Efficient Speech Recognition Engine (ESE): ESE takes the approach of EIE one step further to address not only feedforward neural networks but also recurrent neural networks (RNN and LSTM). The recurrent nature produces complicated data dependency, which is more challenging than feedforward neural nets. To deal with this problem, we designed a data flow that can effectively schedule the complex LSTM operations using multiple EIE cores. ESE also present an effective model compression algorithm for LSTM with hardware efficiency considerations, compressed the LSTM by 20x without hurting accuracy. Implemented on Xilinx XCKU060 FPGA running at 200MHz, ESE has a processing power of 282 GOPS/s working directly on a compressed sparse LSTM network, corresponding to 2.52 TOPS/s on an uncompressed dense network.

S. Han, J. Kang, H. Mao, Y. Li, D. Xie, H. Luo, Y. Wang, H. Yang, W. J. Dally “ESE: Efficient Speech Recognition Engine for Compressed LSTM”, FPGA’17. Best Paper Award.
[pdf] [slides]


Dense-Sparse-Dense Training (DSD): A critical issue for training large neural networks is to prevent overfitting while at the same time providing enough model capacity. We propose DSD, a dense-sparse-dense training flow, for regularizing deep neural networks to achieve higher accuracy. DSD training can improve the prediction accuracy of a wide range of neural networks: CNN, RNN and LSTMs on the tasks of image classification, caption generation and speech recognition. DSD training flow produces the same model architecture and doesn't incur any inference time overhead.

S. Han, J. Pool, S. Narang, H. Mao, S. Tang, E. Elsen, B. Catanzaro, J. Tran, W. J. Dally, “DSD: Regularizing Deep Neural Networks with Dense-Sparse-Dense Training Flow”, ICLR’17.
[DSD model zoo] [pdf] [slides]


Trained Tenary Quantization (TTQ): The deployment of large neural networks models can be difficult for mobile devices with limited power budgets. To solve this problem, we propose Trained Ternary Quantization (TTQ), a method that can reduce the precision of weights in neural networks to ternary values. This method has very little accuracy degradation and can even improve the accuracy of some models. We highlight our trained quantization method that can learn both ternary values and ternary assignment. During inference, our models are nearly 16× smaller than full-precision models.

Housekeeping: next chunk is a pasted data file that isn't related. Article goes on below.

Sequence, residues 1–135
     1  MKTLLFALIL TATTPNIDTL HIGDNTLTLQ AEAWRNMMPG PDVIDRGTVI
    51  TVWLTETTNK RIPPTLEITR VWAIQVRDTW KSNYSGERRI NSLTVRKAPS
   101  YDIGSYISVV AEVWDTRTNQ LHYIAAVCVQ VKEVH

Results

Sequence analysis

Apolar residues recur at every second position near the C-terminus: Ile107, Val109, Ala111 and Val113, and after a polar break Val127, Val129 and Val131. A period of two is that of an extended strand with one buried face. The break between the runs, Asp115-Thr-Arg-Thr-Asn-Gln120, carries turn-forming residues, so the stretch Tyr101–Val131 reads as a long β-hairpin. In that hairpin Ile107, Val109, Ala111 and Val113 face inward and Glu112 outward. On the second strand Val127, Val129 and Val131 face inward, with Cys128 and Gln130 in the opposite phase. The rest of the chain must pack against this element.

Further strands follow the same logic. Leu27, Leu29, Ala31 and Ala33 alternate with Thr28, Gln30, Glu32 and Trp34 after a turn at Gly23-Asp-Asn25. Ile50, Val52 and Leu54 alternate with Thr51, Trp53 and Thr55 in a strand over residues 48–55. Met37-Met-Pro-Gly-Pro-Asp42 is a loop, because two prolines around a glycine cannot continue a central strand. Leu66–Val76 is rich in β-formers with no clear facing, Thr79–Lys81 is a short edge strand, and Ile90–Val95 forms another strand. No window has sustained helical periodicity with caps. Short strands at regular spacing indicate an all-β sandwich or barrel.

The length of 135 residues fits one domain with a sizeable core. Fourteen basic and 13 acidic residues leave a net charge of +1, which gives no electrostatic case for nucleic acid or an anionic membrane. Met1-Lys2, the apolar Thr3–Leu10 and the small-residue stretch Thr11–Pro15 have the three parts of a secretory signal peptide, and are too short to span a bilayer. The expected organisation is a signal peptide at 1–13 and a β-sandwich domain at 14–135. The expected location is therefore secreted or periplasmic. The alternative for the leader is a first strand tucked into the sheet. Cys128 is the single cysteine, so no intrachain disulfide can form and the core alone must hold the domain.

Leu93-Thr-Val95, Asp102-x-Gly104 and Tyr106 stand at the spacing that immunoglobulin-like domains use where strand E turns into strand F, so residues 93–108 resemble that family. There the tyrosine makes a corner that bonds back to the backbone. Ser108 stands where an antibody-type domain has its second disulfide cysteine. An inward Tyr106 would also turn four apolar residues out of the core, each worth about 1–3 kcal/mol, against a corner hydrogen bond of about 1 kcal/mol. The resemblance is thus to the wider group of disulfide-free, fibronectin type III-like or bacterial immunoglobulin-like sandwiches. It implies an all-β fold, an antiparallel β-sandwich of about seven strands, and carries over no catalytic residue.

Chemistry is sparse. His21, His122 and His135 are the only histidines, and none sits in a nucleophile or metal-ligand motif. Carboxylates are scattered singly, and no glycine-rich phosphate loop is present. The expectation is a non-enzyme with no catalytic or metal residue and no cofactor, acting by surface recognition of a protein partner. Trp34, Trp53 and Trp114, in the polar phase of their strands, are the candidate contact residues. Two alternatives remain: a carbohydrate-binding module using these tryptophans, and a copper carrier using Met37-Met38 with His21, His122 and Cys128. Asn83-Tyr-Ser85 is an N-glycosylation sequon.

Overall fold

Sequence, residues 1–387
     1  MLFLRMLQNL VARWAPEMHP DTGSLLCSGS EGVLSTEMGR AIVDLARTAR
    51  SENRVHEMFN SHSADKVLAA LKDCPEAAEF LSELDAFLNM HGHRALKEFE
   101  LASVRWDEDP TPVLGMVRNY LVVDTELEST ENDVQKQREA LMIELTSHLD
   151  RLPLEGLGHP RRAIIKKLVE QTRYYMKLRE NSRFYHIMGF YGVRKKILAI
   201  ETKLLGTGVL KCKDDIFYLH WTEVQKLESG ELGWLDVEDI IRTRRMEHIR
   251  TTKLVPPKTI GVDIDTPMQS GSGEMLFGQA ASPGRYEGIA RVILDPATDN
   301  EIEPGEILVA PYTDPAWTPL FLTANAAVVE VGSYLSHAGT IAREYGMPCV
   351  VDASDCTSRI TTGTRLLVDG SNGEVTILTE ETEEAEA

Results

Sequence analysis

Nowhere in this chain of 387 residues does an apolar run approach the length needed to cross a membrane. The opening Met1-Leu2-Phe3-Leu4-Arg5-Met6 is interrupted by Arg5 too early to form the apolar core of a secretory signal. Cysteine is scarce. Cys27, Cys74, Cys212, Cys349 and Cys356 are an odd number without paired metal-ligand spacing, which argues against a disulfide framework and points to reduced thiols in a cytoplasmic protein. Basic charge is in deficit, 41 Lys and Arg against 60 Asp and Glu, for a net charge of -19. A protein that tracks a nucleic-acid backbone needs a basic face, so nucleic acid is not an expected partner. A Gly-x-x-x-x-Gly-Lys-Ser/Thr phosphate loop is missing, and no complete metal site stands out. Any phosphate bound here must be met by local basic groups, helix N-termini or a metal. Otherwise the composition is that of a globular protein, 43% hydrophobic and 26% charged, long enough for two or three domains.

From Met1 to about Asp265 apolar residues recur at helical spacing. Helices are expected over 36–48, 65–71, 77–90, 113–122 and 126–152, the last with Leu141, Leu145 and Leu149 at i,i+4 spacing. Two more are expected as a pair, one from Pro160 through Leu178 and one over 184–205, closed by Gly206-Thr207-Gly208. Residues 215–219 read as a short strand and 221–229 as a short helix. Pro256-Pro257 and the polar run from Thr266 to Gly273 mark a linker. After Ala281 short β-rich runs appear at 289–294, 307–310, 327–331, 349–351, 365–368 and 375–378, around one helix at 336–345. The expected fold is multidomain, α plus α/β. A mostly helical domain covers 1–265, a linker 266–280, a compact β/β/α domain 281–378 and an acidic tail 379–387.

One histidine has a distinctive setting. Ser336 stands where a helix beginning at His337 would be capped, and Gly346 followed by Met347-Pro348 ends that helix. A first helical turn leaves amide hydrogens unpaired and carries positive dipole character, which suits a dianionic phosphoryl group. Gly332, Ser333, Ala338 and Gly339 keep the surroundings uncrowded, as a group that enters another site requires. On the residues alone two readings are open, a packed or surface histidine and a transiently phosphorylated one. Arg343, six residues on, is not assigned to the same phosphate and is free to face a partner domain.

C. Zhu, S. Han, H. Mao, W. J. Dally, “Trained Ternary Quantization”, ICLR’17.
[code] [pdf]


SqueezeNet: Smaller CNN model is easier to deploy on mobile devices. SqueezeNet is a small CNN architecture that achieves AlexNet-level accuracy on ImageNet with 50x fewer parameters. Together with model compression techniques we are able to compress SqueezeNet to less than 0.5MB (510× smaller than AlexNet), which can fully fit on-chip SRAM, making it easier to deploy on embedded device.

F. Iandola, S. Han, M. Moskewicz, K. Ashraf, W. J. Dally, K. Keutzer, “SqueezeNet: AlexNet-Level Accuracy with 50x Fewer Parameters and < 0.5MB Model Size”, arXiv 16.
[model1] [model2] [pdf]


Pruning Winograd Convolution: Winograd’s minimal filtering algorithm and network pruning both reduce the operations in CNNs. Unfortunately, these two methods cannot be combined. We propose two modifications to Winograd-based CNNs to enable these methods to exploit sparsity. First, we prune the weights in the ”Winograd domain” to exploit static weight sparsity. Second, we move the ReLU operation into the ”Winograd domain” to improve the sparsity of the transformed activations. On CIFAR-10, our method reduces the number of multiplications in the VGG-nagadomi model by 10.2× with no loss of accuracy.